Wars continue to take their toll through Friendly Fire
Ever since man began to engage in warfare, the phenomenon bizarrely named "Friendly Fire." has become an adjunct to the practice. Accidents do, and no doubt will continue to take place at any battle scene, and service people die as
Are we becoming any better at managing this unfortunate manifestation as time moves on? I seek to compare more recent experience with some earlier wars.
The deaths of 4 Canadian Servicemen through Friendly Fire in Afganistan
In casualty reporting, a casualty circumstance applicable to persons killed in action or wounded in action mistakenly or accidentally by friendly forces actively engaged with the enemy, who are directing fire at a hostile force or what is thought to be a hostile force.
-- From the U.S. Department of Defense.
Corporal Ainsworth Dyer, one of the 4 Canadians who died in Afganistan from Friendly Fire
Whereas theAmericans tend to use the term: Friendly Fire, the British Military report such incidents as Blue on Blue, this derives its name from War Gaming where the good side is named Blue, and the enemy Red.
20th. Century Statistics for casualties caused by Friendly Fire.
In 1995, a US Army War College Study estimated that between 13 to 24 % of all casualties in the 20th. century were killed or wounded by their own forces, what a dreadful figure.
One of the problems of modern warfare is being able to distinguish between Friend and Foe. eg, in August of 1943 in the Pacific war, some 35,000 US and Canadian troops invaded the Aleutin Island of Kiska, supposedly occupied by Japanese troops, in dense fog, intensive fighting took place, 28 died, 150 were wounded. It was only the next day it was found that there were no enemy forces on the island, and the troops that had landed were fighting themselves. Oh! the vagary of war.
In their 1917-1918 engagement in this war, the US lost 53,402. I do not have statistics for deaths from Friendly
Fire. But, the Allied armies in France and Belgium lost many thousands from fire emanating from their own Artillery
barrages, the front line advanced but the barrage had not lifted.
In this war the United States had 291,557 dead, of whom 21,000 died at the hands of their mates, the Friendly
Fire % came in at about 7%.
Two major bombing errors in Normandy killed 600 US soldiers, including Lieutenant General Leslie McNair, the highest ranking American killed in WW2.
The Korean Conflict.
On the 3rd. ofJuly 1950, Australian pilots of 77 Squadron accidentally destroyed a train carrying US and Republic of
Korea troops, notwithstanding that the pilots had been assured that the area was under the control of North Korea.
The US lost 33,741 in Korea, of which 6,500 or 19% died from Friendy Fire.
This was a long drawn out affair that in the end America lost, and withdrew her forces. But 47,414, died in that arena, and 16% of those deaths, or 8,000 personnel, died through Friendly Fire, a more realistic term is Fratricide.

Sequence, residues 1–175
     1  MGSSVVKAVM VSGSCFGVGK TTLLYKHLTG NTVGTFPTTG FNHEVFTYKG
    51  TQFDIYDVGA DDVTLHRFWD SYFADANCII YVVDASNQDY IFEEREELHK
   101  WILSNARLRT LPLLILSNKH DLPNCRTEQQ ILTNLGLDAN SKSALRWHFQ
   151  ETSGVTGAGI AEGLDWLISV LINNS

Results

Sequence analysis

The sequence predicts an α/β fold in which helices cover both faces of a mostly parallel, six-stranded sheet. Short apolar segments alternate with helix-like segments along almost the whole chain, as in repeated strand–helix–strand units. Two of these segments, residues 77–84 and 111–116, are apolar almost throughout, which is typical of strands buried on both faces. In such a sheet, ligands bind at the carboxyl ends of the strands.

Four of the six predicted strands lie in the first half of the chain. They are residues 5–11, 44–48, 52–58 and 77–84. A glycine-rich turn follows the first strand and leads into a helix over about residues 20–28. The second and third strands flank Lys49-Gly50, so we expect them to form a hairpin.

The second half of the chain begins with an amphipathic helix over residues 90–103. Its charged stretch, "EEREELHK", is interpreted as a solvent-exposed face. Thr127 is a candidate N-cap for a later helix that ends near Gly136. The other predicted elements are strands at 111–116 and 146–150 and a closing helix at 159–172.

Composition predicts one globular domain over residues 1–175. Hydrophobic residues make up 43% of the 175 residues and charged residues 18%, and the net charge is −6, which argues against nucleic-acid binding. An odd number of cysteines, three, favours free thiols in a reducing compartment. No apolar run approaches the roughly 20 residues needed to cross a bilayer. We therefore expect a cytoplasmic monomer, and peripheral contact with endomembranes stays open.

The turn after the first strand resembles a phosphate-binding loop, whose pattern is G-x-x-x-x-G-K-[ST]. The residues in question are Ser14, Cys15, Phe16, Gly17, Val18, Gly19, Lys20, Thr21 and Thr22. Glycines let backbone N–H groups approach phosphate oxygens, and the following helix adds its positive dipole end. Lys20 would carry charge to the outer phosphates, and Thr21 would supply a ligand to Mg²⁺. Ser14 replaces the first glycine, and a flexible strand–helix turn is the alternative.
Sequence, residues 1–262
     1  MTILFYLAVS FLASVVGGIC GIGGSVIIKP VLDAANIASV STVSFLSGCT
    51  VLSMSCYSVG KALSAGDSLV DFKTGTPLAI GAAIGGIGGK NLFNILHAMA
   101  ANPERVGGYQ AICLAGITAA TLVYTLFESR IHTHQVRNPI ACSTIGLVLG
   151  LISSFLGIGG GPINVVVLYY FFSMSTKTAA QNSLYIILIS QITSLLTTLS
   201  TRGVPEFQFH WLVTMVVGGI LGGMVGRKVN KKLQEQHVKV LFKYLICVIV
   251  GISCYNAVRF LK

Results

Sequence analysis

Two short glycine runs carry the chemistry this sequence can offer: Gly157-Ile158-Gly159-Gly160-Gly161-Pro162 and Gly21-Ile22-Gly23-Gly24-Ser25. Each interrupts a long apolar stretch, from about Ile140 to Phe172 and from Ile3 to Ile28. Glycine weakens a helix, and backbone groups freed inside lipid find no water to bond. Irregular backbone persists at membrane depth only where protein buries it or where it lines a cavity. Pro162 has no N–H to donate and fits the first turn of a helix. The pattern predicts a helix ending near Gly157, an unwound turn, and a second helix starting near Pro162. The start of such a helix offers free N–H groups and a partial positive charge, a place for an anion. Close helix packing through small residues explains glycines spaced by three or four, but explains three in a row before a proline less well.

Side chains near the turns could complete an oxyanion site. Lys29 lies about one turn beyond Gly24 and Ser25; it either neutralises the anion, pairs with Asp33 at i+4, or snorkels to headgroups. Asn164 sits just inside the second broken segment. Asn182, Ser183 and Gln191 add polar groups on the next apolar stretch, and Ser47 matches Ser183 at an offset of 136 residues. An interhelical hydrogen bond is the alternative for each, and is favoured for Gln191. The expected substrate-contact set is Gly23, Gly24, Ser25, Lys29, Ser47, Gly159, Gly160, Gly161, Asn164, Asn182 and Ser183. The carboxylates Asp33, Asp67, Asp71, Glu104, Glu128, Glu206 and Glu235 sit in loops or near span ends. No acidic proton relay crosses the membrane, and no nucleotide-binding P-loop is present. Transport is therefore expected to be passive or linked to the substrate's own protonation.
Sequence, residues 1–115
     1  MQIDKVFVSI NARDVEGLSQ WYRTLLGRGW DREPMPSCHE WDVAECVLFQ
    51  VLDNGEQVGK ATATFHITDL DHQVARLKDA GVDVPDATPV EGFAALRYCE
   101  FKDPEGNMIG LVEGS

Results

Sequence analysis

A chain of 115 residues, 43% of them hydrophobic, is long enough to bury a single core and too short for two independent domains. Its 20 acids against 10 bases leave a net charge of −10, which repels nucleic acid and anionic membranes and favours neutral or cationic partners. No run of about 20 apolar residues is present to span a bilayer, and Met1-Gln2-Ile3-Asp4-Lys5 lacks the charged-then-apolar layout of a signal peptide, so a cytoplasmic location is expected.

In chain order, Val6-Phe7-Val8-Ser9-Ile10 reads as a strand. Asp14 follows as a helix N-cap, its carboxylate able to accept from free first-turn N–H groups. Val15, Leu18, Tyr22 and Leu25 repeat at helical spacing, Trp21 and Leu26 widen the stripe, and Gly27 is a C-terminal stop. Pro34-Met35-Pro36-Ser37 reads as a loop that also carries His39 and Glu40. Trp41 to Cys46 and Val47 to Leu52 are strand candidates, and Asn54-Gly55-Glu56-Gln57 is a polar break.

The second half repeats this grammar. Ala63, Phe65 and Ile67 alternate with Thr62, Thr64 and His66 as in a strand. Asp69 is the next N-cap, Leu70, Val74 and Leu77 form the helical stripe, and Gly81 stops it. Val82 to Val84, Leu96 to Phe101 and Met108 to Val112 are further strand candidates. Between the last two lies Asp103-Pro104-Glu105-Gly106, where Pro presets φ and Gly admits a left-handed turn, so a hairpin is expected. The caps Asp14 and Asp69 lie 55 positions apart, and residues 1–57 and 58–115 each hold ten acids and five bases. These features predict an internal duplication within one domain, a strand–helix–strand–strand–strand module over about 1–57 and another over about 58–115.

I ponder on how the deaths of those 8,000 service people were reported to the 8,000 families families back home in the US. Did they die honourably serving their country in a far off land ? Or were they all told the truth about how they were no longer "Coming Home."
The Gulf War.
Of the 466,985 troops employed in this 6 week campaign, 146 died, this is indeed a low number, none the less, 35 of these, or 24% of the total deaths were caused by Friendly Fire.
2,500 aircraft flew 120,000 sorties, and 33,462 of these were to attack ground targets, 10 incidents of Friendly Fire resulted in 20 deaths and another 26 wounded.
Thus 99.97% of all strikes were carried out against the enemy. 10 out of 33,462, is but a tiny %, but even so, any death is one too many.
Here, the war against terrorism has been ongoing since 2001, and 154 US Military personnel have died. It would seem as many as 47 of these which include 4 Canadian deaths can be sheeted home to Friendly Fire.
Canadians on duty in Afganistan.
A US National Guard F-16 in April of 2002, missed its target and killed 4 Canadians, Corporal Ainsworth Dyer, Sergeant Marc Leger, Private Richard Green, and Private Nathan Smith, 8 others were wounded. Here is the press report about charging the two Pilots responsible, and the subsequent outcome to those charges.
Pilot will not face Court Martial.
Wednesday, June 30, 2004 - An Air Force F-16 pilot who in 2002 mistakenly dropped a 500-pound bomb on a
group of Canadian soldiers in Afghanistan, killing four, will not face court-martial, the Air Force said last Thursday.
Maj. Harry Schmidt, a former TOPGUN and Air Force Fighter Weapons School (FWS) instructor, has agreed
to a nonjudicial hearing. The flier's attorney said that classified information will be presented to show that the Air
Force fighter pilot acted reasonably when he mistakenly dropped a bomb.
By avoiding court-martial, Schmidt no longer faces imprisonment.
Maj. Schmidt is scheduled tomorrow to face four dereliction-of-duty charges in an administrative hearing at Barksdale Air Force Base, La. He could face up to 30 days confinement or loss of one month?s pay, about
$5,600, or a combination of those.
Pilot of F-16 Found Guilty.